AT the 2008 edition of the FIFA U-17 Women World Cup held in New Zealand, the Flamingoes, as the Nigerian U-17 girls are called, were eliminated in the group stage after playing what was then described as the best entertaining game in the competition. Their last group game against Brazil ended 2-2 but was not enough to see the Nigerians through.
Two years ago in Trinidad and Tobago, the team made it to the quarterfinal but paid the big prize once again after failing to utilize the numerous scoring opportunities that came its way in the game against Korea.
In that match, the Nigerians quickly raced to a 2-0 lead only to squander it. They eventually crashed 5-6 to the Koreans in the game that went into extra time.
The stage is set once again for Nigeria to make history in the FIFA U-17 Women World Cup, but the girls must prove that they are equal to the task now that the juggle has matured.
Nigeria will trade tackles with Colombia today in the city of Baku for their last group game and two of the players, Sarah Nnodim and Oluchi Ofoegbu, are so sure that the team will not only progress to the knock out stage, but wins the trophy.
The Nigerians, who won their second group match beating the host Azerbaijan 11-0 on Tuesday, need a draw in this game to move to the next stage. The city of Baku hosted their first group match, which ended 1-1 against Canada. Nigeria now tops the group with four points as against Colombia’s three, but must avoid a defeat in today’s game. Canada with the four points is favoured to pick one of the group’s quarterfinal tickets in their game against the weeping girls, Azerbaijan.
Speaking to FIFA.com yesterday, the duo of Nnodim and Ofoegbu stated that they would do everything possible to take the team to the final and lift the trophy. They vowed never to allow the mistake of 2010 repeat itself in this year’s tourney.
“We lost in 2010 because of a lack of experience and a lack of concentration,” said confident centre-back Nnodim. “But we believe this time around we are able to pick up the trophy.”
Their quarterfinal exit in Trinidad and Tobago two years ago still plays on their minds, but Nnodim and Ofoegbu are planning to avoid such mistake this time around in Azerbaijan.
In 2010, the Flamingoes cruised through the first round, beating the hosts, reigning champions Korea DPR and Chile to top Group A with maximum points and scoring ten goals in the process. They squared up against Korea Republic in the quarterfinal in Marabella.
The game that followed was an absolute classic. Nigeria was 2-0 and 3-2 up in the first half, before needing an Ngozi Okobi strike at the death to force extra-time at 4-4. However Korea rallied, scoring twice more, and while Loveth Ayila got her second of the game-101 minutes after her first-it finished 6-5.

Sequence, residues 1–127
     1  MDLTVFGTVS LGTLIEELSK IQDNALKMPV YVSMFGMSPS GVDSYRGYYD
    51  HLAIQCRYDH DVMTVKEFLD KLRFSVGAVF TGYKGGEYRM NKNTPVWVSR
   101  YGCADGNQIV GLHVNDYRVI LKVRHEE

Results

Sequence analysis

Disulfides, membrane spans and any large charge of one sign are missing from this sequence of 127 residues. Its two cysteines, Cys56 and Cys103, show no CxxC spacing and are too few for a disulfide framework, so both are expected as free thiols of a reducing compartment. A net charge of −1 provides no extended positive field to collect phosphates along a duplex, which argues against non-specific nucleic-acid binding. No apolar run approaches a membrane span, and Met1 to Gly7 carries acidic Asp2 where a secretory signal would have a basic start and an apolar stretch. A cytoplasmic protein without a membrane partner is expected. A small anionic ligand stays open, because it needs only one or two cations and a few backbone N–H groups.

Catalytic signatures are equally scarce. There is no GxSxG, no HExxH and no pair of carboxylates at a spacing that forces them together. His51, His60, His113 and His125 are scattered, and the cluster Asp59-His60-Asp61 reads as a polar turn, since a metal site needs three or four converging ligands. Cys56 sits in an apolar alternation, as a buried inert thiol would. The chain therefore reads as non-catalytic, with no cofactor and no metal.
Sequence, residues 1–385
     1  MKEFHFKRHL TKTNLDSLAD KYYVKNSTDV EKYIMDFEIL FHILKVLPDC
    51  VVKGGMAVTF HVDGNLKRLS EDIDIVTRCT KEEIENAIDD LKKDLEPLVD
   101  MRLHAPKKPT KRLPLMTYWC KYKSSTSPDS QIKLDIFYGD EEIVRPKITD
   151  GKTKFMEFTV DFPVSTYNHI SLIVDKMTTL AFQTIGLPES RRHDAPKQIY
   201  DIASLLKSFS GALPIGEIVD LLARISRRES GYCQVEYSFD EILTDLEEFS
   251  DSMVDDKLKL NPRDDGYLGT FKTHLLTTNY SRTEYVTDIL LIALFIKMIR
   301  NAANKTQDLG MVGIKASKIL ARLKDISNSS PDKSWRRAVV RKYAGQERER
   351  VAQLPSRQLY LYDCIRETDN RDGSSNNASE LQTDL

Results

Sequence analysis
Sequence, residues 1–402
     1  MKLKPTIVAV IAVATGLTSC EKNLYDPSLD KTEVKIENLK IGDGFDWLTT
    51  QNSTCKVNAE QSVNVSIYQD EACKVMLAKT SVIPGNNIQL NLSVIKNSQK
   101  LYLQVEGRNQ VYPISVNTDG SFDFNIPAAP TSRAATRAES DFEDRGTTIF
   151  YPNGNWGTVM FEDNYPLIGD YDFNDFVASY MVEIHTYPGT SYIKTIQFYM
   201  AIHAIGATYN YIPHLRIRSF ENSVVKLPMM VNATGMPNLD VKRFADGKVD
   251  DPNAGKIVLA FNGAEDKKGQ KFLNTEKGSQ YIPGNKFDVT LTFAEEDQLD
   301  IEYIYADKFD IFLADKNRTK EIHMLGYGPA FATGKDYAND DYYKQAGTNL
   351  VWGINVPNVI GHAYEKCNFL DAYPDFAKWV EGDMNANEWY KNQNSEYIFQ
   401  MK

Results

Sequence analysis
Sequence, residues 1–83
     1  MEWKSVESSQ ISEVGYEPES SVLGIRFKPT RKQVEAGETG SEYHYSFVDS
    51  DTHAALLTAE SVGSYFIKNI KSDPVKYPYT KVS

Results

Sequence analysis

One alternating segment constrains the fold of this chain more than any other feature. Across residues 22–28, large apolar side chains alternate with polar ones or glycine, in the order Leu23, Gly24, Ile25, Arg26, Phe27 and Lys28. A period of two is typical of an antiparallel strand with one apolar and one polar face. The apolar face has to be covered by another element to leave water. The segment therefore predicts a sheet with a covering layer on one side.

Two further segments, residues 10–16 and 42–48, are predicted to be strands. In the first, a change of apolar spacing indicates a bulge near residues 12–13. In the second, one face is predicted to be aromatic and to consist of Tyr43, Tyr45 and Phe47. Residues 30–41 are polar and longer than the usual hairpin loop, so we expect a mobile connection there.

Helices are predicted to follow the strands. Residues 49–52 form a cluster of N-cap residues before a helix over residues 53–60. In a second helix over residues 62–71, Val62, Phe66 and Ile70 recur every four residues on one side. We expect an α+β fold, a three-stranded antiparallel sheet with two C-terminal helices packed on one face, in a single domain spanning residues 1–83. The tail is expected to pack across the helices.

Ofoegbu admits to fond memories of their Caribbean adventure two years ago, but defeat has instilled a steely determination in the tenacious midfielder. “It was amazing at Trinidad and Tobago 2010. We lost that game because of a lack of concentration, but this time around I believe that we will make it up to ourselves.
“The game of football is all about experience, we believe we have learnt from our loss in 2010, so we have gained experience because of it and we will not let it happen again.”
As well as their mental growth over the past two years, the green-clad duo was unwavering in their assessment of their own technical and footballing development. In reply to whether they had improved as players, a synchronised and vigorous:
“Yes, very much so”, was their confident and crystal clear appraisal, and why not?
Azerbaijan 2012 has so far been a very positive tournament for Nigeria. Nnodim, the taller of the pair, presided over a tight defensive display in their 1-1 draw against CONCACAF U-17 Championship runners-up Canada, a game which they rattled the woodwork no less than four times. Ofoegbu meanwhile was a central cog in Tuesday’s 11-0 victory over the hosts, a result that neither can remember bettering but both agree can be improved on.
The well-built defensive midfielder’s belief that her understanding of the game and her team had improved couldn’t have been more evident with her assist for their second goal. When her electric pace allowed her to charge from midfielder and break through the backline, she instinctively looked for Halimatu Ayinde who was on hand to tap in her cross.
With the likes of Chinwendu Ihezuo, who got five and set up three, on form and the experience of fellow Trinidad and Tobago veterans Ayinde, captain Victoria Aidelomon and defender Ebere Okoye, Nigeria look in good shape to challenge.
Nnodim particularly feels this just could be their time. “We are ready for this tournament and we believe we will lift the trophy because this time we are prepared for it.”
Four years ago in New Zealand, the Nigerians started their last group game brightly but were unable to make the most of their opportunities.
Then, the squad had the likes of Ebere Orji, Amarachi Okoronkwo and Ngozi Okobi, who all had palpable chances to take the game, but for their missed chances.
At the end of the tie, the coach, late Felix Ibe Ukwu summed up the adventures of his team saying: “Football is all about opportunities. Once you have the opportunity you must utilise it, and if you don’t you pay for it.”
And at the last edition in 2010, the Flamingoes were again left ruing some misses in the game against Korea, which they could have won to progress to the semifinal.
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Flamingoes… Avoiding The Many Mistakes Of The Past